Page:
Thursday, 8 December 2011

The icon of theophany: one lingering glance



1
Then suddenly, like an axe laid violently at the roots, a voice splits the silence of eternity and some holy thing plummets straight down towards the one who stands alone amid the flowing waters, 

2 
whose life is as purposive as running rivers, shunning the heights and seeking out the lowest place, rushing down so far and so fast that our hands can hardly reach him, not without leaning dangerously near the edge, just as startled strangers once stooped to touch him in the cradle and afterwards to feel his cold unyielding body in the ground, 

3
all his flesh exposed to those cleansing Jordan waters as he stands in silence, as low as any river's end, so that the baptist has to bend his frail starved body like a bow to discharge the quick sharp blessing, reaching down to touch the head of him whose sandals none is worthy to undo, as though this one had need of human blessing or approval when he himself is the silent benediction resting on all creatures, or as though he could win glory from any of the sons of men when he is the holy brightness pulsating at the hidden heart of things, the still point about which all the worlds revolve, 

4
so that even the holy angels, bright in heaven's raiment and terrible beneath their wings of fire, lean hungrily towards his gentle silence, zealous for the devastating undreamt-of majesty of his unexceptional and still unwounded flesh, poised beside him like runners before the race and clutching their robes as towels, having waited longingly through all ages for one chance to pay him menial honour, as though the highest hope of dreadful cherubim and seraphim were to wipe cold bathwater from human flesh (for eternity's immortal monsters covet meekness, lowliness, and anonymous service just as the mortal children of Cain crave power, fame, and recognition),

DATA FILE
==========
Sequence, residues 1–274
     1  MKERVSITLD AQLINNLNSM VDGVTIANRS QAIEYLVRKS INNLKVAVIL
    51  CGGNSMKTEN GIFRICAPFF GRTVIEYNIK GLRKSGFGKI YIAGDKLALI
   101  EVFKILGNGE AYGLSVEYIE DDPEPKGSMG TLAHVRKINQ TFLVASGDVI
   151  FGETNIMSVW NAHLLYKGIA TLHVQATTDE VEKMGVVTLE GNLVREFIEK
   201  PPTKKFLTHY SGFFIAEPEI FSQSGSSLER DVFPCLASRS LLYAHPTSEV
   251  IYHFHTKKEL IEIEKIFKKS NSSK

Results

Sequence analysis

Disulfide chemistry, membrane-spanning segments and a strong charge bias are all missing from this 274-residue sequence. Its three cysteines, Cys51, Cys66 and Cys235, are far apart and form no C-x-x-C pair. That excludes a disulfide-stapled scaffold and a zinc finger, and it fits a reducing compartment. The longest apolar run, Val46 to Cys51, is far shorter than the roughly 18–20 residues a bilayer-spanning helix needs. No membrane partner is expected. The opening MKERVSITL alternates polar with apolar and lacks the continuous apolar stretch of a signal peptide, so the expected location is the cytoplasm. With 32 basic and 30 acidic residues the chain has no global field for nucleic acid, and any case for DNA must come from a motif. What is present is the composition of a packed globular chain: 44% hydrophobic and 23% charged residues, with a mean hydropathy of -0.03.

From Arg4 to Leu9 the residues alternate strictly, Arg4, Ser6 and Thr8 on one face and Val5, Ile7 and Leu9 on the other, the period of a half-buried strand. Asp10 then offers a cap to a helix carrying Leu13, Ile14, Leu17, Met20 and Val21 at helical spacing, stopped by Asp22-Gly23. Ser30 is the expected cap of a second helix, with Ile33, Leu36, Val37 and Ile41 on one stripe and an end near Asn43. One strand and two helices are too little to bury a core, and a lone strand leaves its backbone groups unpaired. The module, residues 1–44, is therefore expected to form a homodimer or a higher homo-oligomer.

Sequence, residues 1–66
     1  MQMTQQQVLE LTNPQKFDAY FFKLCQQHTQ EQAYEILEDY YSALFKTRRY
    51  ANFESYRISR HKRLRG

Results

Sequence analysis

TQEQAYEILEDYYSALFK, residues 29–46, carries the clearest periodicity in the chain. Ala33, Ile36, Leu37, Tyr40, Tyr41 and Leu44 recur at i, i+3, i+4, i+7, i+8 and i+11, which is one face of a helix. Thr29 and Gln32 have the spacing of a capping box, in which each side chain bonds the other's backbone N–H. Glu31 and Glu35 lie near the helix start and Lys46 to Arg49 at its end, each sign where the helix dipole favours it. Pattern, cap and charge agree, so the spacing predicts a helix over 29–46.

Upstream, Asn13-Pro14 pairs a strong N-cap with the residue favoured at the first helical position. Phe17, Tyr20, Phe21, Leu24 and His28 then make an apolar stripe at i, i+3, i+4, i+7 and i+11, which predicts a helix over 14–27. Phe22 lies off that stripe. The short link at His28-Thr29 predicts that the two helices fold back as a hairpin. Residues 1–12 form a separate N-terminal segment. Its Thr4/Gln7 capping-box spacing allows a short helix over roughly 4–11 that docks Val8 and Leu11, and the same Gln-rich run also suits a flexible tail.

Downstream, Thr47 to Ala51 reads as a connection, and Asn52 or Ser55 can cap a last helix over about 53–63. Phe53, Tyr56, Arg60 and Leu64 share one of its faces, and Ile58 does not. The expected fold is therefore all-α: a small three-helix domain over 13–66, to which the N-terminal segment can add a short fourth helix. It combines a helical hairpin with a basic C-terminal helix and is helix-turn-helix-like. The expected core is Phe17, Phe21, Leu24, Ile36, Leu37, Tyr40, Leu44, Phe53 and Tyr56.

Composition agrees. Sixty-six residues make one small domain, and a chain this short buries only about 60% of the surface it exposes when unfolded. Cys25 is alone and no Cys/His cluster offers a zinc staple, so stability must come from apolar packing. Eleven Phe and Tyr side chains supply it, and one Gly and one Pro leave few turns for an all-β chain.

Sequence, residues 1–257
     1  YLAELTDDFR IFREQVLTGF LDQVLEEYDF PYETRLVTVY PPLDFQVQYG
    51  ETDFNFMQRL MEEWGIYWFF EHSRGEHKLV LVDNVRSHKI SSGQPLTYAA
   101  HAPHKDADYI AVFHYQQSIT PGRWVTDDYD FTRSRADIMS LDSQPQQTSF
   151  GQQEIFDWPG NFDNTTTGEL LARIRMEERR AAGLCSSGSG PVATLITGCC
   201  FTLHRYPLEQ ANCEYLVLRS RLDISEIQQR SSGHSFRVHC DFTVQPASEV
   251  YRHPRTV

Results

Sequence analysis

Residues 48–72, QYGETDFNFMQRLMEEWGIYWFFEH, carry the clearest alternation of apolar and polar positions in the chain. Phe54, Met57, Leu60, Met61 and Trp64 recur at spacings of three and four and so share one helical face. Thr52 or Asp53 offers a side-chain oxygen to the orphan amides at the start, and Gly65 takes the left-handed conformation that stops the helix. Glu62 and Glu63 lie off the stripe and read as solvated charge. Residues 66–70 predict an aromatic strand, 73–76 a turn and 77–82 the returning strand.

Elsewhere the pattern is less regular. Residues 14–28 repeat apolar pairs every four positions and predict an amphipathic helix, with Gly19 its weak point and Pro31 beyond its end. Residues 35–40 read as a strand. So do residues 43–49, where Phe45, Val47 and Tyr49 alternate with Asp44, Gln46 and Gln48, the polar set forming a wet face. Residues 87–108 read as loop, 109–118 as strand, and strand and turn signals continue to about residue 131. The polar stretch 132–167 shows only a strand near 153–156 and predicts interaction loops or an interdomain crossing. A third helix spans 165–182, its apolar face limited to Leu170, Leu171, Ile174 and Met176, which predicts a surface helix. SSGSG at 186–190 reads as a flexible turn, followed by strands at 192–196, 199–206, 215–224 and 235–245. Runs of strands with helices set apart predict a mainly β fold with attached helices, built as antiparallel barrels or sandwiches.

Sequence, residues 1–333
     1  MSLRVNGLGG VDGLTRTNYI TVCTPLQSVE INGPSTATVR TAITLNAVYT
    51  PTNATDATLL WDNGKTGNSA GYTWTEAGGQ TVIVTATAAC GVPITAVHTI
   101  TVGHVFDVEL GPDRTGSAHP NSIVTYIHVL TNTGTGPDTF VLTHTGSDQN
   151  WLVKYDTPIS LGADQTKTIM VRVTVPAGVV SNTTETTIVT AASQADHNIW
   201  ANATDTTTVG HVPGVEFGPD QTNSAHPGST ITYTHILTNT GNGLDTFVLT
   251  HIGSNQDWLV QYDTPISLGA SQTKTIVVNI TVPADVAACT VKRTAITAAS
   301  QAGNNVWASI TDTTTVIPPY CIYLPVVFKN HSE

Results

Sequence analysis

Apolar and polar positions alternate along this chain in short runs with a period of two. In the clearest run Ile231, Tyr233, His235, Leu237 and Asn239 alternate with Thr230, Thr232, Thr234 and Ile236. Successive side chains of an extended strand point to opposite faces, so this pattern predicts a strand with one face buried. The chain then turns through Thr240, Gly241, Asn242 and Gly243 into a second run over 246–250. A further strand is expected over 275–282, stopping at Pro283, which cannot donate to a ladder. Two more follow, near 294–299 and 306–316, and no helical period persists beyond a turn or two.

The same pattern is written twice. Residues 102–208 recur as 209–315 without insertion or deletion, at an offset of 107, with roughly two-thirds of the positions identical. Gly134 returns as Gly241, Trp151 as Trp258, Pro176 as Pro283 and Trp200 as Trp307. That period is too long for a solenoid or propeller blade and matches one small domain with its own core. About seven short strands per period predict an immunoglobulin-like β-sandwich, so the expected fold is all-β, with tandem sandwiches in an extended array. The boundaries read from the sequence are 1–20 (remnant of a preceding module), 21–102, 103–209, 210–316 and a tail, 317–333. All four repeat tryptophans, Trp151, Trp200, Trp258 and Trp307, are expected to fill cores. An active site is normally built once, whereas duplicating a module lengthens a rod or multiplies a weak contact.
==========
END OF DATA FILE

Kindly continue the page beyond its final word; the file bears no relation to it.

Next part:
5
this fleshly being who transcends us only by standing infinitely lower than us, almost inaccessible in the extremity of his poverty and abnegation,

6
and who might remain forever hidden from a world that worships power had not the tremendous voice like thunder announced his rank as first-born of creation, and the birdlike lightning energies cascaded down upon him without measure, cleansing him whose touch makes all things clean, 

7
while the baptist's mad wild eye looks on in terror and the angels turn their faces meekly down, folding their burning wings and bending with shimmering towels to dry his body in preparation for his second baptism, that funereal pyre in which the dove will descend as cataracts of flame,

8
and what has fallen to earth will leap again heavenwards like tongues of fire.

4 Comments:

Sj said...

That is the longest sentence i've ever read!

Erin said...

Beautiful.

Erin (a different one) said...

I really like this one, too; dramatic with a powerful entry.
It stirs a desire to create and join the worship somehow.

Christian Kurt Reyes said...

Wow! That was amazing. I shall share it to my fb.

Post a Comment

New book

Archive

Contact

Although I'm not always able to reply to all emails, please feel free to contact me.

Faith and Theology © 2008. Template by Dicas Blogger.

TOPO